Swoboda v. Central AR Development Council

Filing 30

MEMORANDUM OPINION. Signed by Honorable Susan O. Hickey on June 7, 2013. (cnn)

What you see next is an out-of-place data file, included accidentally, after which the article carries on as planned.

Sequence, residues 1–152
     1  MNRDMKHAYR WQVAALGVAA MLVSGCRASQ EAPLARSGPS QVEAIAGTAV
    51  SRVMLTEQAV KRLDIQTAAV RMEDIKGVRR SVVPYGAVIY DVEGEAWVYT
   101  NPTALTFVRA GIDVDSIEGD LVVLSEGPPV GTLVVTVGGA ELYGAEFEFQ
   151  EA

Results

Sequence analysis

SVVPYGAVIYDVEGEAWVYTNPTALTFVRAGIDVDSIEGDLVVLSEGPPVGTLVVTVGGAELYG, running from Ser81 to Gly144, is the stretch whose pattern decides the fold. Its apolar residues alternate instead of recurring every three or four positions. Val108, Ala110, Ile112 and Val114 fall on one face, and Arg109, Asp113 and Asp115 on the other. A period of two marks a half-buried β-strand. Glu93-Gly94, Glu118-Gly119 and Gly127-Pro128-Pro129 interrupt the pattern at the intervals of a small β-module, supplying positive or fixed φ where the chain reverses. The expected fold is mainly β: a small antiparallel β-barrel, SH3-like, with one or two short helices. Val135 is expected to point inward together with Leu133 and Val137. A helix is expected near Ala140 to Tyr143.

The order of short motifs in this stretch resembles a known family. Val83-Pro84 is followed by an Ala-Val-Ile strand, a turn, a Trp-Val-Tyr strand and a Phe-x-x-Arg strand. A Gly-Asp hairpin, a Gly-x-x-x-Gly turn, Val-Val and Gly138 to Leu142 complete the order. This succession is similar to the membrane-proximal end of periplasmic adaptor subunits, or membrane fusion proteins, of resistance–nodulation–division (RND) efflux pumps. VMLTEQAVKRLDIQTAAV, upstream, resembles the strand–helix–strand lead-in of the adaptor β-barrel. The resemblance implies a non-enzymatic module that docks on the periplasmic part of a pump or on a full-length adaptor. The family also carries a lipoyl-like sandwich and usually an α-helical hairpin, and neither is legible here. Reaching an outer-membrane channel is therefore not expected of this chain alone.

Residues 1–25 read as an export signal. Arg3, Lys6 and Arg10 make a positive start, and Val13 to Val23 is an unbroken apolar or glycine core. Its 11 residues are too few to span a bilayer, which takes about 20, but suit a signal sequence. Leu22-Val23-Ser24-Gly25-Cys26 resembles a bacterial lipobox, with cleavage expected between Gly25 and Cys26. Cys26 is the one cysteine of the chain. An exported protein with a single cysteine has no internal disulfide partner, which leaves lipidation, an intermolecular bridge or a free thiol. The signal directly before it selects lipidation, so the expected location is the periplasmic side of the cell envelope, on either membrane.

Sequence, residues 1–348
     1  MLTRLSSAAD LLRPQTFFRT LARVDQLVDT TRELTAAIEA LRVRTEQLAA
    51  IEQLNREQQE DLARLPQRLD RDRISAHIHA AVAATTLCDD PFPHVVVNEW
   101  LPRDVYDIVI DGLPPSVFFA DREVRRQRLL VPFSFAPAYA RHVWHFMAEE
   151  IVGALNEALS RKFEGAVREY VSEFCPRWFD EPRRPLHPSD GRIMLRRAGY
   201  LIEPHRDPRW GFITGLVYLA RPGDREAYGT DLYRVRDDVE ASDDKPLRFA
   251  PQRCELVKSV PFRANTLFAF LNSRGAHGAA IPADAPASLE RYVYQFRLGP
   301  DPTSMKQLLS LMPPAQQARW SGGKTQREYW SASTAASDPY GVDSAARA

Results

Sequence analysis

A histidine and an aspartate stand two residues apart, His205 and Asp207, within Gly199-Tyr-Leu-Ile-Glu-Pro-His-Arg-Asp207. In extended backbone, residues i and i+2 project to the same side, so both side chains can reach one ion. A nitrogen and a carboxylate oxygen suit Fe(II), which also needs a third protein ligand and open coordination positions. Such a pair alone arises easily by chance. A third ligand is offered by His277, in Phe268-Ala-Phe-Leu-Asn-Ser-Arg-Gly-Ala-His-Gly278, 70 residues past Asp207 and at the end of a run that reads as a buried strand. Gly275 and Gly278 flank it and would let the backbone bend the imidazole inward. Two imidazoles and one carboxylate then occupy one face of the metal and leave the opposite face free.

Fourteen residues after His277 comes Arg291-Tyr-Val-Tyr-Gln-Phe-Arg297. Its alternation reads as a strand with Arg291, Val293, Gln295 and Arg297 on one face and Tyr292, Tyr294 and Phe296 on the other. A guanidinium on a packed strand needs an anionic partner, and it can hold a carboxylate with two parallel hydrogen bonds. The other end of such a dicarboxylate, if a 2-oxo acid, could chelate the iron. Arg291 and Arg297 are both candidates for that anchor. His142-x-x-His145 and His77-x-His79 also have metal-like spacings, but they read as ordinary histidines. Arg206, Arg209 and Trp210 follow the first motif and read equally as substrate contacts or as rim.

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IN THE UNITED STATES DISTRICT COURT WESTERN DISTRICT OF ARKANSAS EL DORADO DIVISION CATHEY SWOBODA VS. PLAINTIFF CASE NO. 11-CV-1073 CENTRAL ARKANSAS DEVELOPMENT COUNCIL DEFENDANT MEMORANDUM OPINION Before the Court is a Motion for Summary Judgment filed by Defendant Central Arkansas Development Council. (ECF No. 22). Plaintiff has filed a response (ECF No. 26), and Defendant has filed a reply. (ECF No. 29). The Court finds this matter ripe for consideration. BACKGROUND Plaintiff Cathey Swoboda is a former employee of Defendant Central Arkansas Development Council (“CADC”). CADC is a non-profit organization that, among other things, provides non-emergency public transportation to elderly, disabled, and low-income Arkansans. Burton began working for CADC in 2004. Several months prior to Plaintiff’s termination, she was interviewed by and gave statements to CADC attorneys who were conducting a personnel investigation. The investigation related to disputes between Plaintiff’s co-worker, Ellen Castleberry, and Debbie Bartlett, Plaintiff’s CADC supervisor. Castleberry alleged that Bartlett excessively disciplined African-American CADC drivers while refusing to discipline white drivers. It appears that Plaintiff’s statements to the attorneys substantiated Castleberry’s claims that Bartlett was discriminating against employees on the basis of race. Bartlett ultimately remained in her position as a CADC supervisor, and no employees were disciplined as a result of the interviews and investigation. Plaintiff was a witness to an incident on April 19, 2010, when another CADC employee, Pearl Livingston, slipped and fell down the steps at the rear of the CADC building in Camden, Arkansas. Plaintiff provided a written statement to CADC management regarding Livingston’s fall. Livingston filed a claim with the Arkansas Workers’ Compensation Commission. On the morning of December 16, 2010, Helen Burton and Maria Garcia noticed that Constance Barnes, a CADC driver, was acting strangely. Plaintiff also noticed that Barnes had the smell of mouthwash on her breath. Burton and Garcia shared their concerns about Barnes’s possible impairment with their co-worker, Pearl Livingston. Livingston confronted Barnes and smelled alcohol on Barnes’s breath. Barnes admitted to Livingston that she had been drinking. Livingston called Plaintiff and told her that she needed to stop Barnes because Barnes was “sloppy drunk.” Plaintiff then attempted to locate Barnes outside. When Barnes could not be located, Plaintiff called Barnes’s cell phone. Barnes advised Plaintiff that she would pull over and call Plaintiff back. Barnes did not call Plaintiff back and did not answer when Plaintiff called Barnes a second time approximately ten minutes later. Livingston eventually notified her supervisor, Debbie Bartlett. Before the incident was finally reported to Bartlett, however, Barnes was able to leave the facility in a CADC van and pick up a CADC client. Bartlett contacted the Pine Bluff Police Department, and Barnes was subsequently pulled over by an officer. She failed field sobriety tests at the scene. For reasons that are unclear to the Court, no charges were brought against Barnes relating to this incident. After an investigation, CADC identified six employees who had learned of Barnes’s possible intoxication prior to her leaving the facility in a CADC van: Plaintiff Cathy Swoboda (African-American, age 57); Helen Burton (Caucasian, age 55); Pearl Livingston (AfricanAmerican, age 54); Maria Garcia (Hispanic, age 49); Sue Ellen Castleberry (Caucasian, age 33); 2 and Gwen Edwards (African-American, age 53). Plaintiff, Burton, Castleberry, and Livingston were suspended and subsequently terminated on January 7, 2011 on grounds that they failed to timely notify their respective supervisors of Barnes’s possible intoxication. CADC maintains that Edwards and Garcia were not terminated because they reported their concerns about Ms. Barnes to their superiors in a timely manner. After her termination, Plaintiff’s job duties were “reassigned” to Mary McMillian (age 23) and Jim Lowe (age 57). CADC maintains that Plaintiff’s duties were only temporarily assigned to McMillian and Lowe and that Plaintiff’s position was permanently filled by Beverly Coggins (age 53) on February 5, 2011, roughly one month after Plaintiff was terminated. (ECF No. 23-4, Affidavit of Carol Staley, ¶ 15). In December 2011, Plaintiff filed this suit alleging age discrimination in violation of the Age Discrimination in Employment Act of 1967, 29 U.S.C. § 621, et seq. (“ADEA”); race discrimination in violation of Title VII of the Civil Rights Act of 1964, 42 U.S.C. §§ 2000e-2 (“Title VII”), and the Arkansas Civil Right Act, ARK. CODE ANN. § 16-123-101, et seq. (“ACRA”); and retaliation in violation of ACRA, ARK. CODE ANN. § 16-123-108(a). Plaintiff alleges that age and race played a factor in her termination and that she was retaliated against for giving statements to CADC attorneys in the Castleberry/Bartlett personnel investigation and for giving a written statement to CADC management regarding Livingston’s fall. STANDARD OF REVIEW The standard of review for summary judgment is well established. The Federal Rules of Civil Procedure provide that when a party moves for summary judgment: The court shall grant summary judgment if the movant shows that there is no genuine dispute as to any material fact and the movant is entitled to judgment as a matter of law. 3 Fed. R. Civ. P. 56(a); Krenik v. County of LeSueur, 47 F.3d 953 (8th Cir.1995). The Supreme Court has issued the following guidelines for trial courts to determine whether this standard has been satisfied: The inquiry performed is the threshold inquiry of determining whether there is a need for trial-whether, in other words, there are genuine factual issues that properly can be resolved only by a finder of fact because they may reasonably be resolved in favor of either party. Anderson v. Liberty Lobby, Inc., 477 U.S. 242, 250 (1986). See also Agristor Leasing v. Farrow, 826 F.2d 732 (8th Cir. 1987); Niagara of Wisconsin Paper Corp. v. Paper Indus. Union-Management Pension Fund, 800 F.2d 742, 746 (8th Cir. 1986). A fact is material only when its resolution affects the outcome of the case. Anderson, 477 U.S. at 248. A dispute is genuine if the evidence is such that it could cause a reasonable jury to return a verdict for either party. Id. at 252. The Court must view the evidence and the inferences that may be reasonably drawn from the evidence in the light most favorable to the nonmoving party. Enterprise Bank v. Magna Bank, 92 F.3d 743, 747 (8th Cir. 1996). The moving party bears the burden of showing that there is no genuine issue of material fact and that it is entitled to judgment as a matter of law. Id. The nonmoving party must then demonstrate the existence of specific facts in the record that create a genuine issue for trial. Krenik, 47 F.3d at 957. A party opposing a properly supported motion for summary judgment may not rest upon mere allegations or denials, but must set forth specific facts showing that there is a genuine issue for trial. Anderson, 477 U.S. at 256. DISCUSSION A. Age Discrimination Plaintiff’s Complaint states that CADC “committed an act of age discrimination in its reassignment of [P]laintiff’s job duties” to Mary McMillian, a person “less than forty years of 4 age.” (ECF No. 1, Complaint, ¶ 41). In response, Defendant points out that Plaintiff was permanently replaced by Beverly Coggins, age 53, roughly a month after Plaintiff was terminated. The ADEA makes it “unlawful for an employer to . . . discriminate against any individual with respect to his compensation, terms, conditions, or privileges of employment, because of such individual's age.” 29 U.S.C. § 623(a)(1). When a plaintiff’s ADEA claim is based upon circumstantial evidence rather than direct evidence, the familiar McDonnell Douglas burdenshifting framework is applied. Rahlf v. Mo-Tech Corp., Inc., 642 F.3d 633, 637 (8th Cir. 2011). The burden is on the plaintiff to establish a prima facie case of age discrimination by showing (1) she is over 40; (2) she was qualified for the position; (3) she suffered an adverse employment action; and (4) she was replaced by a substantially younger individual. Anderson v. Durham D & M, L.L.C., 606 F.3d 513, 523 (8th Cir. 2010). “Once the plaintiff establishes a prima facie case, the burden of production shifts to the employer to articulate a legitimate, nondiscriminatory reason for its adverse employment action.” Rahlf, 642 F.3d at 637. If the employer gives a nondiscriminatory reason for its actions, the plaintiff then has the burden of showing that the employer’s stated reason was pretext for discrimination. Id. “At all times, the plaintiff retains the burden of persuasion to prove that age was the ‘but-for’ cause of the termination.” Id. It is undisputed that Plaintiff is over 40 and that she suffered an adverse employment action. While CADC maintains that Plaintiff’s actions during the Constance Barnes incident made her “unqualified” for the position, the Court will assume for these purposes that Plaintiff was qualified. Plaintiff’s prima facie case begins to break down when considering the fourth element because she fails to show that a substantially younger individual replaced her. 5 Plaintiff claims that, because she was temporarily replaced by Mary McMillian (age 23), she can show that she was replaced by a substantially younger individual. It is a Plaintiff’s permanent replacement, however, that is used for determining whether a prima facie case of discrimination has been established. Lewis v. St. Cloud State Univ., 467 F.3d 1133, 1136-37 (8th Cir. 2006). Plaintiff’s permanent replacement was approximately four years younger than Plaintiff; thus, the Court finds that Plaintiff was replaced by a person of comparable age shortly after she was terminated. See Schiltz v. Burlington Northern R.R., 115 F.3d 1407, 1413 (8th Cir. 1997) (holding that a five-year age difference is insufficient to establish a prima facie case of age discrimination). Accordingly, Plaintiff has failed to establish a prima facie case of age discrimination. Even if Plaintiff was successful in establishing a prima facie case, her ADEA claim would still fail. If a prima facie case has been established, CADC must then put forth a legitimate, non-discriminatory reason for Plaintiff’s termination. In this case, CADC claims that Plaintiff was suspended and eventually terminated, along with three other employees, for violating CADC policy by failing to report a potentially impaired CADC van driver in a timely fashion. Because a nondiscriminatory reason has been submitted by CADC, Plaintiff must now “‘present evidence, that considered in its entirety (1) creates a fact issue as to whether the defendant's proffered reasons are pretextual and (2) creates a reasonable inference that age was a determinative factor in the adverse employment decision.’” Tusing v. Des Moines Indep. Cmty. 34, 528 F.3d 1074, 1079 (8th Cir. 2008)). “[P]roof that the explanation is false is necessary, but Sch. Dist., 639 F.3d 507, 516 (8th Cir. 2011) (quoting Wingate v. Gage County Sch. Dist., No. not sufficient, to show a pretext for discrimination under the ADEA. In other words, the plaintiff 6 must show that the employer's stated reason was false and that age discrimination was the real reason.” Id. (emphasis added). Plaintiff has offered little evidence that CADC’s reason for her termination was false or that it was somehow motivated by age. Plaintiff focuses her arguments on whether or not she should have been terminated. According to Plaintiff, she acted responsibly in trying to locate Barnes and then calling Barnes to ascertain whether the report that Barnes was intoxicated was true. On the other hand, Defendant states that Plaintiff was terminated because she failed to report Barnes’s impairment to CADC management for at least ten to fifteen minutes. Barnes was able to leave CADC’s facility in a CADC vehicle and pick up a client prior to being stopped by law enforcement. Defendant, apparently, did not agree that Plaintiff acted responsibly and timely in the situation. The Court will not sit as a “super-personnel department[] to second-guess the business decisions of employers.” Wilking v. County of Ramsey, 153 F.3d 869, 873 (8th Cir. 1998). When an employer articulates a reason for terminating a plaintiff, it is not for the Court to decide whether the reason was wise, fair, or even correct. Id. The relevant question is whether the stated reason was truly the reason for the plaintiff’s termination. Id. Here, Plaintiff does not dispute that she became aware of the allegation regarding Barnes, that she failed to notify a supervisor immediately, and that she failed to get Barnes to return to CADC after calling her twice. CADC asserts that it believed in good faith that Barnes was a danger and that CADC policy had been violated by the employees who did not timely report Barnes’s behavior. Other than arguing the merits of the termination decision, Plaintiff has offered no evidence that CADC somehow manufactured this incident as an excuse to terminate her. 7 In addition to failing to show pretext, a closer look at which employees were terminated as a result of the Barnes incident also undercuts Plaintiff’s theory. Plaintiff does not dispute CADC’s determination that six employees were aware of Barnes’s suspicious behavior. Two of those employees, age 49 and 53, were determined to have reported the behavior in a timely fashion and were not terminated. Of the four employees who were terminated, including Plaintiff, one was in her early thirties. Considering the ages of those kept on and those terminated, coupled with the legitimate reason for the terminations, the Court finds nothing to suggest that CADC was targeting older employees. Because Plaintiff has failed to establish a prima facie case of age discrimination and has failed to show that CADC’s reason for terminating her was pretextual, summary judgment in favor of CADC as to Plaintiff’s age discrimination claim is appropriate. B. Race Discrimination Plaintiff has not presented any direct evidence of race discrimination, so the Court will analyze her claims under the McDonnell Douglas burden-shifting framework. Gibson v. Am. Greetings Corp., 670 F.3d 844, 853 (8th Cir. 2012). Under this familiar framework, a plaintiff must first establish a prima facie case of discrimination. Id. To establish a prima facie case of race discrimination, a plaintiff must show that she “is a member of a protected class, (2) [s]he met [her] employer’s legitimate expectations, (3) [s]he suffered an adverse employment action, and (4) the circumstances give rise to an inference of discrimination (for example, similarly situated employees outside the protected class were treated differently).” Id. (citing Lake v. Yellow Transp., Inc., 596 F.3d 871, 874 (8th Cir. 2010)). If the plaintiff successfully establishes a prima facie case, the defendant may rebut the prima facie case by articulating a nondiscriminatory reason for its action. Id. The burden then shifts to the plaintiff to show that the 8 defendant’s proffered reason was merely pretext for discrimination. Id. The Court notes that Plaintiff’s Title VII and ACRA claims are analyzed under the same standards. Bone v. G4S Youth Services, LLC, 686 F.3d 948, 953 (8th Cir. 2012). There is no dispute that Plaintiff, an African-American, is a member of a protected class and that she suffered an adverse employment action. While CADC claims that Plaintiff was not meeting its legitimate expectations when she was terminated, the Court will assume for these purposes that she was. The question is whether Plaintiff can establish the fourth element, which is that similarly situated employees were treated more favorably. Plaintiff states that one female employee, Maria Garcia, who is Hispanic was treated “differently.” According to Plaintiff, Garcia engaged in the same misconduct as Plaintiff—failing to timely report Barnes’s conduct to a supervisor—but was not terminated. Plaintiff claims that Garcia delayed “just as long if not longer in notifying Ms. Bartlett [Garcia’s supervisor].” CADC, however, maintains that its investigation revealed that “Garcia timely reported Ms. Barnes to Ms. Castleberry, who was a supervisor when Ms. Bartlett was unavailable.” (ECF No. 23-4, Affidavit of Carol Staley, ¶ 12). There is no evidence in the record to support Plaintiff’s allegation that Garcia engaged in the same misconduct as Plaintiff. In fact, the employees who were determined to have engaged in the same misconduct as Plaintiff were terminated along with her. Plaintiff must substantiate her claims with more than speculation and conjecture in order to survive summary judgment. Marquez v. Bridgestone/Firestone, Inc., 353 F.3d 1037, 1038 (8th Cir. 2004). Even if Plaintiff was successful in establishing a prima facie case, her race discrimination claim would still fail. If a prima facie case has been established, CADC must then put forth a legitimate, non-discriminatory reason for Plaintiff’s termination. In this case, 9 CADC claims that Plaintiff was suspended and eventually terminated, along with three other employees, for violating CADC policy by failing to report a potentially impaired CADC van driver in a timely fashion. CADC, therefore, has met its burden of demonstrating a legitimate, nondiscriminatory reason for terminating Plaintiff. Plaintiff, however, claims that CADC’s reason for terminating her is a pretext for racial discrimination. To support her claim of pretext, Plaintiff argues the merits of CADC’s decision to terminate her, asserting that her actions, under the circumstances, were “rational and responsible.” As stated previously, the Court will not sit as a “super-personnel department[] reviewing the wisdom or fairness of the business judgments made by employers, except to the extent that those judgments involve intentional discrimination.” Bone, 686 F.3d at 955. Here, Plaintiff does not dispute that she became aware of the allegation regarding Barnes, that she failed to notify a supervisor immediately, and that she failed to get Barnes to return to CADC after calling her twice. So long as CADC had a “good faith” basis for terminating Plaintiff, it does not matter whether Plaintiff thought she acted rationally and responsibly in the situation. See id. CADC has demonstrated that it believed in good faith that Plaintiff had violated its policy when Plaintiff did not immediately report Barnes’s behavior to Plaintiff’s supervisor. Other than arguing the merits of the termination decision and pointing to the actions of Garcia, Plaintiff has offered no evidence that CADC somehow manufactured this incident as an excuse to terminate her. In addition to failing to show pretext, a closer look at which employees were terminated as a result of the Barnes incident also undercuts Plaintiff’s theory. Of the four employees who were terminated for failing to timely report Barnes’s behavior/impairment to CADC management, two were African-American and two were Caucasian. Considering the races of 10 those kept on and those terminated, coupled with the legitimate reason for the terminations, the Court finds nothing to suggest that CADC intentionally discriminated against Plaintiff because of her race. C. ACRA Retaliation Claims Plaintiff states that she was discriminated against because she gave a statement regarding Livingston’s fall at work and because she gave a statement to attorneys investigating a work dispute involving two CADC employees, Bartlett and Castleberry. (ECF No. 1, Complaint, ¶¶ 48-49). The Court will discuss each of these claims in turn. 1. Retaliation Claim Based on Livingston’s Injury Plaintiff cites no law in support of her retaliation claim based upon her giving a written statement (at her employer’s request) in connection with Livingston’s injury at work and workers’ compensation claim. The Court notes that Plaintiff’s retaliation claim in this context is unclear. Her Complaint states, under the heading “Violation of the Arkansas Civil Rights Act,” that “Defendant discriminated against [P]laintiff in retaliation because [P]laintiff was a witness and gave a statement regarding Ms. Livingston’s fall and injury.” In her Complaint, Plaintiff attempts to frame her retaliation claim in connection with Livingston’s injury as falling under the purview of ACRA. In her response, Plaintiff states that “under state law and under the federal Whistle Blower’s statutes” she is certainly “entitled to make a claim that she was terminated wrongfully for protecting a fellow employee’s right by making a statement.” The Court has difficulty understanding what Plaintiff is trying to convey in the above statement as Plaintiff has offered absolutely no authority to support these speculative and conjecturable claims. Accordingly, the Court finds that summary judgment in favor of 11 CADC as to Plaintiff’s retaliation claim under ACRA in connection with Ms. Livingston’s workers’ compensation claim is appropriate. 2. Retaliation Claim Based on Bartlett/Castleberry Investigation Plaintiff’s Complaint alleges that CADC violated ACRA by retaliating against her for giving “a statement to [CADC] attorneys investigating a work situation involving Ms. Bartlett [Plaintiff’s supervisor] and Ms. Castleberry [Bartlett’s assistant], who are both white.” (ECF No. 1, Complaint, ¶ 49). In her Complaint, Plaintiff alleges that Ms. Bartlett regularly discriminated against African-American employees. Plaintiff’s general claim is that she was retaliated against for objecting to and making a statement that opposed Bartlett’s alleged discrimination. Title VII makes it unlawful for an employer to retaliate against an employee for “oppos[ing] any practice made unlawful by [Title VII], or because he has made a charge, testified, assisted, or participated in any manner in an investigation, proceeding or hearing” under Title VII. 42 U.S.C. § 2000e-3(a). ACRA contains a nearly identical prohibition. ARK. CODE ANN. § 16-123-108(a). “To overcome summary judgment on retaliation claims under ACRA, a plaintiff must make the same showing as is required on an analogous claim under Title VII.” Wallace v. Sparks Health System, 415 F.3d 853, 861 (8th Cir. 2005). Plaintiff’s retaliation claim is subject to the McDonnell Douglas burden-shifting framework, Logan v. Liberty Healthcare Corp., 416 F.3d 877, 880 (8th Cir. 2005). Plaintiff must establish a prima facie case of retaliation by showing that “(1) she engaged in protected activity, (2) she suffered an adverse employment action, and (3) there is a causal connection between the protected activity and the adverse action.” Burkhart v. Am. Railcar Indus., Inc., 603 F.3d 472, 477 (8th Cir. 2010). If Plaintiff establishes a prima facie case and CADC then produces a legitimate, non-discriminatory reason for the termination, the burden shifts to Plaintiff to “present evidence that ‘(1) creates a 12 question of fact as to whether [CADC’s] proffered reason was pretextual and (2) creates a reasonable inference that [CADC] acted in retaliation.’” Id. (quoting Smith v. Allen Health Sys., Inc., 302 F.3d 827, 833 (8th Cir. 2002)). It is undisputed that Plaintiff suffered an adverse employment action, and the Court will assume for these purposes that her interview with CADC attorneys regarding Bartlett’s alleged discriminatory conduct was protected activity. However, Plaintiff has failed to put forth sufficient evidence of the third element—that there was a causal connection between her interview with CADC attorneys and her termination. To establish that there was a causal connection, “the plaintiff must show that the protected conduct was a ‘determinative—not merely motivating—factor in the employer's adverse employment decision.’” Tyler v. Univ. of Arkansas Bd. of Trustees, 628 F.3d 980, 985 (8th Cir. 2011) (quoting Van Horn v. Best Buy Stores, L.P., 526 F.3d 1144, 1148 (8th Cir. 2008)). Plaintiff is also required to show more than a “temporal connection . . . to present a genuine factual issue” on whether there was a causal connection. Id. at 986. The Eighth Circuit has held that one or two-month intervals between the protected activity and the adverse employment action dilute any inference of causation when the temporal element is the only evidence of retaliation. Kipp v. Missouri Highway & Transp. Comm'n., 280 F.3d 893, 897 (8th Cir. 2002); Smith v. Fairview Ridges Hosp., 625 F.3d 1076, 1088 (8th Cir. 2010), abrogated on other grounds by Torgerson v. City of Rochester, 643 F.3d 1031 (8th Cir. 2011). In this case, Plaintiff’s only evidence of retaliation appears to be temporal. 1 She interviewed with a CADC attorney about Ms. Bartlett’s behavior on August 12, 2010. Her 1 Plaintiff alleges in her Complaint that “several employees who were interviewed and gave statements to the attorneys regarding the dispute between Debbie Bartlett and Sue Ellen Castleberry were terminated” (ECF No. 1, Complaint, ¶ 14). However, Plaintiff has not given specifics regarding this allegation at the summary judgment stage. In her response to the present motion, Plaintiff makes the conclusory statement 13 suspension stemming from the Constance Barnes incident was imposed on December 17, 2010. She was not terminated until January 7, 2011. Given the four-month interval between Plaintiff’s interview and her suspension, the Court cannot infer a causal connection between Plaintiff’s protected activity and the adverse employment action. Additionally, Plaintiff has offered little evidence that Ms. Bartlett had any meaningful influence in the termination decision. 2 Each of the employees involved in the Constance Barnes incident were interviewed by Carol Staley, CADC’s human resources manager. Ultimately, it was Staley who recommended to Larry Cogburn, Executive Director, that those employees who were determined to have failed to report or timely report Barnes to management should be terminated. Cogburn accepted Staley’s recommendation and terminated the four employees. Plaintiff has failed to show a causal connection between her protected activity and the subsequent adverse employment action. Accordingly, she has failed to establish a prima facie case of retaliation, and summary judgment in favor of CADC is appropriate as to this claim. 3 CONCLUSION For the reasons stated above, the Court finds that summary judgment in favor of CADC is appropriate as to Plaintiff’s age and race discrimination and retaliation claims. Accordingly, the Motion for Summary Judgment (ECF No. 22) should be and hereby is GRANTED. Plaintiff’s that “parties who had given negative statement[s] against Ms. Bartlett in the Castleberry-Bartlett dispute were in fact terminated.” (ECF No. 27). Plaintiff offers no specifics as to who these other employees are or what circumstances surrounded their terminations. 2 It is worth noting that at least one employee who was terminated in the aftermath of the Constance Barnes incident was not supervised by Bartlett. 3 Even if Plaintiff were able to establish a prima facie case of retaliation, she would be unable to establish that CADC’s termination decision was pretext for retaliation. CADC has produced very strong evidence regarding their legitimate, nondiscriminatory reason for the termination. Much like her age discrimination claim, Plaintiff has offered no evidence that would suggest that retaliation was the determinative factor in her termination. 14 Complaint is DISMISSED WITH PREJUDICE. A Judgment of even date consistent with this Opinion shall issue. IT IS SO ORDERED, on this 7th day of June, 2013. /s/ Susan O. Hickey Susan O. Hickey United States District Judge 15